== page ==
Arianna Megaro ’13 was on vacation the summer before her senior year at the College of Charleston and she wanted to wear sunscreen, but she hated getting it on her hands.
By the time she graduated, she had prototypes of a sunscreen applicator that she designed with the help of a fluidics engineer. One year after graduation, her product has received patent approval and is being manufactured.
Full disclosure: Megaro’s father is an entrepreneur, so he helped her navigate the process, but she offers valuable advice for other budding inventors.
1. You need more than an idea.
Coming up with a product idea is the easy part. It’s the next 18 to 24 months that separate the entrepreneurs from everyone else.
Megaro says she has boxes of products that she bought to try and compare. Not just sunscreen applicators – products that incorporated any part of her design. She has paint and hair wax rollers, dozens of products with piston pumps, and all brands of deodorant sticks (they’re about the same size and shape as BlokRok). And she was ready and willing learn anything she didn’t know.
“I had a hard time finding a good manufacturer, so my Dad and I actually bought Injection Molding Part Design for Dummies, hoping to learn as much as we could about the plastic manufacturing process. Luckily, after much research and cold calling, we found a suitable manufacturer!”
2. Have no fear.
As an international studies major, Megaro didn’t have a strong background in fluids or engineering or manufacturing, but her professors pushed her to think outside the box and try new things.
She says one of most valuable things she learned throughout the business development process was how to approach an expert and ask if she could pick their brain for 10 minutes.
“It’s surprising how many people are more than willing to sit down and talk with you – starting with professors,” Megaro says. “If I had a marketing question, I would find a marketing professor ask for a meeting. Most professors’ eyes would light up when I told them I was launching a product and wanted their advice.”
Megaro remembers her freshman year when she thought she’d never go to a professor’s office hours because she felt awkward and was scared of asking stupid questions. But she pushed herself to go and ask questions, and by her senior year when she was developing BlokRok, she had no fear.
3. Find experts.
If you’re designing a new product, you probably need to go beyond getting free advice. Megaro worked with three experts through the process.
- Industrial design engineer: Helped design a product that could be manufactured and distributed. He made the working prototype look like a commercial product, and helped with manufacturing logistics.
- Specialized engineer: Megaro worked with a fluidics engineer to help design her pump mechanism so the sunscreen would go from the liner into the roller. He helped take Megaro’s drawings to the next step, and together they came up with some designs that were innovative, and worthy of filing a patent for.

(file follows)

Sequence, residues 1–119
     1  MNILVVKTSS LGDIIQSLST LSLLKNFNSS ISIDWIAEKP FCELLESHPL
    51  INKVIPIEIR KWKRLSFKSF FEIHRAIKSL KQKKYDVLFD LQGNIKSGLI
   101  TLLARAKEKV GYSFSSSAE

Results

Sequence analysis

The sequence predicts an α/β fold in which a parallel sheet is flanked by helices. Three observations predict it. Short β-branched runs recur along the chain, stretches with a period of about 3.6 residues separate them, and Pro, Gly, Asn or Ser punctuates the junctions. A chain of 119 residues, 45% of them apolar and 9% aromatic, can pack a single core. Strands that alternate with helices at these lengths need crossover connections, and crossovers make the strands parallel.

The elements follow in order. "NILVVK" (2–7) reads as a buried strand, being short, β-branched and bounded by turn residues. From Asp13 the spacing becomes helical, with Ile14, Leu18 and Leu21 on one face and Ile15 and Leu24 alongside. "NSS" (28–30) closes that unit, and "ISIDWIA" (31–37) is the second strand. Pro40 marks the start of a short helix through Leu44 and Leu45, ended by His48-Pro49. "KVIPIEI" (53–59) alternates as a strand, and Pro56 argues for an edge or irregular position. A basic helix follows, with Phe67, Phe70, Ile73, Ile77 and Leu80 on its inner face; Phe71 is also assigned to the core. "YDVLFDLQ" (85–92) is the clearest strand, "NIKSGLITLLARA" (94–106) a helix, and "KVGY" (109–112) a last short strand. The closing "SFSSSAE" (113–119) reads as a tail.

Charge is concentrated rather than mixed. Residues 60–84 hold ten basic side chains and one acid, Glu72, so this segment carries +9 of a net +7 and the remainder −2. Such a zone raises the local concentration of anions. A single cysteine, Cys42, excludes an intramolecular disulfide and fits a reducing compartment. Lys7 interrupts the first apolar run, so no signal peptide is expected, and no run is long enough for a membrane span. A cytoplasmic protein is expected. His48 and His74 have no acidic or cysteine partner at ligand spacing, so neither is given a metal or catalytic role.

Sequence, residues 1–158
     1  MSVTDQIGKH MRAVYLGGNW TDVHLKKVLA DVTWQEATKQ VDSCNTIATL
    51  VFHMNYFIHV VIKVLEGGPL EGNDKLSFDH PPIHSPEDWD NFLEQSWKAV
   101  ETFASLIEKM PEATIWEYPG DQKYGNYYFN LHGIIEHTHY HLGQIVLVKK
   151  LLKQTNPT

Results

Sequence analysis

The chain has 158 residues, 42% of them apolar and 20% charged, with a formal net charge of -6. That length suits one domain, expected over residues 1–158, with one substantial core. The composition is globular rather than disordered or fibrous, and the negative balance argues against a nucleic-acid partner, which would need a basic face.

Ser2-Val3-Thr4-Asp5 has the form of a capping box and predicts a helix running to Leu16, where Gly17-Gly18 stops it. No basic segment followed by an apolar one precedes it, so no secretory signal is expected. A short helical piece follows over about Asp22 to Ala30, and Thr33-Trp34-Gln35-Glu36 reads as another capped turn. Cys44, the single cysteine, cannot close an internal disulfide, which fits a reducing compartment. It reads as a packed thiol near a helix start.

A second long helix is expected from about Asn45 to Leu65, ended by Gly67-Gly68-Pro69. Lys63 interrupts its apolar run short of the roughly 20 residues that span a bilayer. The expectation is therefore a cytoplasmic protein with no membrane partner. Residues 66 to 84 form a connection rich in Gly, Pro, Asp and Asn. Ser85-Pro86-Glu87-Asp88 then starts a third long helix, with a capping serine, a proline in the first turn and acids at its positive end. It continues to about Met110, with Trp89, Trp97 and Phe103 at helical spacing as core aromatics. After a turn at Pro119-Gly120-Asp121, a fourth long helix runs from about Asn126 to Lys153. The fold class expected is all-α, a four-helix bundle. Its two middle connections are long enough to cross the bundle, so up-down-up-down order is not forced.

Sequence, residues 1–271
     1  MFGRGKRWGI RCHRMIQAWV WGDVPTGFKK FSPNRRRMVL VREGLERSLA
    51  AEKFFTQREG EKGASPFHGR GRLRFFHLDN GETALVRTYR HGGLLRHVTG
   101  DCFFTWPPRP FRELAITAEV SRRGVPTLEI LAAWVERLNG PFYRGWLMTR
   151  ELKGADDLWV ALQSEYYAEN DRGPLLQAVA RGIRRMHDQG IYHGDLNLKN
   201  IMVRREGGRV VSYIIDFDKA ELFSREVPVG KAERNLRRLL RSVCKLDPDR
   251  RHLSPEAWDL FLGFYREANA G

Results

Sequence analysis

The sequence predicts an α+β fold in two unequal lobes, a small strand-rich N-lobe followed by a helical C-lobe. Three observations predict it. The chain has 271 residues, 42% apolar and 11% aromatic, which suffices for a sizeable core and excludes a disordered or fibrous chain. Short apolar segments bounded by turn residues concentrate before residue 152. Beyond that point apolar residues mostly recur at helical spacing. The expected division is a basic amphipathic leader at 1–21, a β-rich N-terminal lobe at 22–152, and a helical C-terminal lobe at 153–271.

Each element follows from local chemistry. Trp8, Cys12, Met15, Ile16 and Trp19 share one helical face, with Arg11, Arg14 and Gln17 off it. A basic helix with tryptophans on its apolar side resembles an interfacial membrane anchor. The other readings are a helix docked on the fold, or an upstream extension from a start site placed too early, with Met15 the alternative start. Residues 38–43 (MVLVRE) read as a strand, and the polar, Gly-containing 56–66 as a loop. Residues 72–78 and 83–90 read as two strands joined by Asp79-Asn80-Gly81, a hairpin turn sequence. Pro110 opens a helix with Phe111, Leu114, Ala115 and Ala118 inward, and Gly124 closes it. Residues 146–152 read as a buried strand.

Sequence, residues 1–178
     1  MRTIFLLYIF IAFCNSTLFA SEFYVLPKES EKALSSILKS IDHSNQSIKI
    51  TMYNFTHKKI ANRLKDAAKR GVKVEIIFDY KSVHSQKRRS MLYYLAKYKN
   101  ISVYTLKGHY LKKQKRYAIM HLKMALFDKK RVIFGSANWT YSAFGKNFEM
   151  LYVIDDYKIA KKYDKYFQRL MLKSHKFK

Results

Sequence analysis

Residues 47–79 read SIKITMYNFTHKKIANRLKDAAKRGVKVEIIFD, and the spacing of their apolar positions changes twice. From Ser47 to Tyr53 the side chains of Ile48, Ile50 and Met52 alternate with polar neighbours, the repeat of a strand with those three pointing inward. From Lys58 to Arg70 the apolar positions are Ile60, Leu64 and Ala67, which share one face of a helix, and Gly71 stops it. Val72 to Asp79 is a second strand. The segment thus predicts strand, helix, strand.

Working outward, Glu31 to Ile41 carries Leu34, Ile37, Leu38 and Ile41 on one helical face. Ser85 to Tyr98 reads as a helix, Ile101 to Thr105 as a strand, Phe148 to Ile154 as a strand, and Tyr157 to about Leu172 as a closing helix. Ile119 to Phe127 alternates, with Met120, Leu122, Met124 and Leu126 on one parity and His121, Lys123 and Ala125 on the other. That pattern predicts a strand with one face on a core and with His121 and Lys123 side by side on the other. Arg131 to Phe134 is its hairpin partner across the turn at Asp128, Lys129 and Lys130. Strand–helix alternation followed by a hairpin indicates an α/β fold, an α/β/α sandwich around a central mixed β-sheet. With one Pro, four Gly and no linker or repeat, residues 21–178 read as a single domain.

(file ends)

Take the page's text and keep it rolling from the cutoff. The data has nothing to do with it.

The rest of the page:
- Registered patent attorney: Helps to draft the patent application and think through all of the independent and dependent claims to ensure your invention is protected. Protection of your “art” or inventions is crucial, as it will limit people from stealing your ideas and designs.
4. Sweat the small stuff.
If you’re applying for a patent, be ready for excruciating detail.
“You’re trying to protect yourself from 100 different angles,” Megaro says. “So you have to look at your product part-by-part to determine what your claims will be. You have to know what existing patents might block your claims, so there’s a lot of research and reading involved. It’s really an art – that’s why a patent attorney is so important.”
Megaro expects her patent to issued on June 24, 2014.
5. Location matters.
After she graduated, Megaro contemplated moving home to North Carolina to save money, but she soon realized that because her product related to a beach lifestyle, she needed to live on the coast. She was fortunate enough to have the support of her parents to help her continue to pursue BlokRok in Charleston.
“There are a ton of resources in Charleston – from events like Dig South, to entrepreneur meet-ups. Plus, being a College of Charleston alumna has opened doors – once people hear that, they are more willing to give me advice or be a mentor.”
6. Failure is good.
“It taught me how to problem solve in a real-life setting. I learned how to not lose my cool, how to delegate. By learning what didn’t work, could figure out what did. It was an invaluable experience, and despite the frustrations, one that was extremely exciting and rewarding.”
Megaro has applied to participate in the Harbor Accelerator’s fall class, a 14-week program designed to launch a business. She has also been accepted to graduate school, but deferred for a year to work on BlokRok.
“My hope is that BlokRok grows and is bought out by one of the big lotion power houses like Hawaiian Tropic or Coppertone. I’m not certain that I’m a serial inventor, but I do love the challenge and exciting lifestyle of entrepreneurship. My dream is to work in international public policy for an organization that focuses on development through innovation.”